Wow! Hard to believe that the very youthful-looking Kurt Russell was just two years away from "Escape From New York" and three years away from "The Thing" when he made this TV movie.
I saw this TV movie when it was first broadcast in 1979 but hadn't seen it since. In the intervening years I moved to Memphis (by coincidence, not design), visited Graceland several times as a tourist, met oodles of people who knew or were closely associated with Elvis, spoke several times with some of his then-living family members, spent a couple of years driving fanatical Elvis fans around Memphis in tour buses, and generally have "absorbed" Elvis into my life's orbit about as closely as a non-fanatical non-insider can. In other words, I view Elvis the man and ELVIS the cultural phenomenon with considerable warmth and respect.
So with that pair of eyes I finally got to see the "Elvis" TV movie again, this time with a beautifully cleaned-up DVD print. Five stars! The movie is fun, informative, and covers a lot of ground in its nearly three hour running time. No, it doesn't cover every aspect or event of his life. This isn't a comprehensive documentary as is not meant to be. Rather, it is a loving portrait of a young boy from Mississippi who was devoted to his mom, mournful of his stillborn twin brother, ridiculed and occasionally tormented as a young man for being a little different, simultaneously delighted by and overwhelmed by his rapid success and popularity, lonely after the death of his mother, having great difficulty dealing with the inability to have a "normal" life when he wanted to escape the fishbowl, occasionally paranoid, and quite often scared and insecure.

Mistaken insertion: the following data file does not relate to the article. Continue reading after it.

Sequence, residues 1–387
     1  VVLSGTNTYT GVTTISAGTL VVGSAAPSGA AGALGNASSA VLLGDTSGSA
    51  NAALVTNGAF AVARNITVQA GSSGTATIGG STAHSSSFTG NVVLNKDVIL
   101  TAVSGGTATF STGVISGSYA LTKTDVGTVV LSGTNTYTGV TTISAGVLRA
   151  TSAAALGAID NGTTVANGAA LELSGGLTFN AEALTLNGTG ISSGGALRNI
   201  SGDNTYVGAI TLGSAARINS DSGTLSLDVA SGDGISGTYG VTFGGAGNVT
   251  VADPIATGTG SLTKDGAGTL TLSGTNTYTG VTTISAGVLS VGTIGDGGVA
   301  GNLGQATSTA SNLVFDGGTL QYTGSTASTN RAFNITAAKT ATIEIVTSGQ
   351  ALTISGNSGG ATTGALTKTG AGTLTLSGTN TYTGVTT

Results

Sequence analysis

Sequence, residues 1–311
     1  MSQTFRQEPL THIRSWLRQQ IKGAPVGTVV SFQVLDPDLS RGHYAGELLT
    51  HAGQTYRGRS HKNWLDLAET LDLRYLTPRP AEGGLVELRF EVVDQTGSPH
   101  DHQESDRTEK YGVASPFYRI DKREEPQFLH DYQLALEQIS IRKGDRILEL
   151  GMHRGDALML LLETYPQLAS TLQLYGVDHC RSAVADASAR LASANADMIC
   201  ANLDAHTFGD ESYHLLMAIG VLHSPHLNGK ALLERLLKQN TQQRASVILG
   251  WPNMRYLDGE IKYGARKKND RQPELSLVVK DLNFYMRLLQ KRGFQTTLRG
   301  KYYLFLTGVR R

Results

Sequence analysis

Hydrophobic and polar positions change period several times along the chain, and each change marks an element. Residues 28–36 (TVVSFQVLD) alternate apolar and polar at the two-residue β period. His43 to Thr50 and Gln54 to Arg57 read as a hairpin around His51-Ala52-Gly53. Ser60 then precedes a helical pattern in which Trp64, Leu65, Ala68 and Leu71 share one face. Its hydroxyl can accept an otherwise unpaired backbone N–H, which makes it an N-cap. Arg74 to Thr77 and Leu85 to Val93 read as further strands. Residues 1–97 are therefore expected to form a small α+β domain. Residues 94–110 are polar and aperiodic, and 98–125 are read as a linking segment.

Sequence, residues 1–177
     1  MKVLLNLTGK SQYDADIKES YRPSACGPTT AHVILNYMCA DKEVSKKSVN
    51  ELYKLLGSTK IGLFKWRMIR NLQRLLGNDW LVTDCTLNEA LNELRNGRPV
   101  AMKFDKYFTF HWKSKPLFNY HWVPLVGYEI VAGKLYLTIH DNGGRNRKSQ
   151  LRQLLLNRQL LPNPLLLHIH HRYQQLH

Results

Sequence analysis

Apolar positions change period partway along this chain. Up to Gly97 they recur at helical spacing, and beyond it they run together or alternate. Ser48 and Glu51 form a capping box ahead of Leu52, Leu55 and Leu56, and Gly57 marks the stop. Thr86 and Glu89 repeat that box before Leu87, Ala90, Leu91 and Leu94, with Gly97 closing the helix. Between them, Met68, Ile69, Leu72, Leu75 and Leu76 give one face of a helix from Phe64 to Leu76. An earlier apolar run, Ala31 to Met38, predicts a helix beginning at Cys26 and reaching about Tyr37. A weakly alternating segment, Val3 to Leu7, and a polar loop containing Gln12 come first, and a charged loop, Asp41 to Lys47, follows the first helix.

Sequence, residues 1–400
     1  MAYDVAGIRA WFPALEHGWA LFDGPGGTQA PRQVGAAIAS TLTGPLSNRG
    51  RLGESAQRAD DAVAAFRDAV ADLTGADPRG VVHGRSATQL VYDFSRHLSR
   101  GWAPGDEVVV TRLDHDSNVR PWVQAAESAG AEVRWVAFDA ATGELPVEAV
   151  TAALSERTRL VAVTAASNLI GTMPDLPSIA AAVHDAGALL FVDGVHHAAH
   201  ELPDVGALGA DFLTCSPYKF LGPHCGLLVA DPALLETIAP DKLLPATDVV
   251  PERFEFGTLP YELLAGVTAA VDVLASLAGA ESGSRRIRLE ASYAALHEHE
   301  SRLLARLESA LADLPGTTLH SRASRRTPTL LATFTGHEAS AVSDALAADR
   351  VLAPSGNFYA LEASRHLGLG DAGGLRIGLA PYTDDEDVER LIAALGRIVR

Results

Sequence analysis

In other words, we get a complex human portrait of the "spectacularly successful yet still very flawed" Elvis instead of just the "unequaled, unparalleled cultural myth on a pedestal" Elvis.
And Kurt Russell is superb in his performance, no question about it.
Having lived in Memphis long enough to have seen Elvis' old haunts, schools, residences, etc, it gave me a bit of a chuckle to see what substituted for those locations in the movie. Graceland in the movie looks very little like the real Graceland, and the same for Sun Records, Humes High School, Lauderdale Courts housing projects, etc. Not that I expected the film to be shot at the actual locations, mind you. It's just a movie, remember? But for us local folk it was good for a few giggles.
So why was director John Carpenter, known up until then for horror and sci-fi, selected to helm this project? I don't know for sure, but I suspect it was because Carpenter proved with his now-classic 1978 movie "Halloween" and earlier projects that he could deliver a good result on a very low budget, and "Elvis" sure looks like it was shot on a shoestring budget. Others have reported that Carpenter was hired because the producers thought he would be good at handling a TV movie about music given that he had composed his own score for "Halloween".
Watch this movie to see a very young Joe Mantegna and Ed Begley, Jr. Mantegna's name is misspelled in the opening credits as "Mategna".
Some of Elvis' real-life associates play themselves in this film, including Charlie Hodge and some singers and musicians.
The commentary track isn't must-hear but it is worth a listen --- very interesting trivia and anecdotes.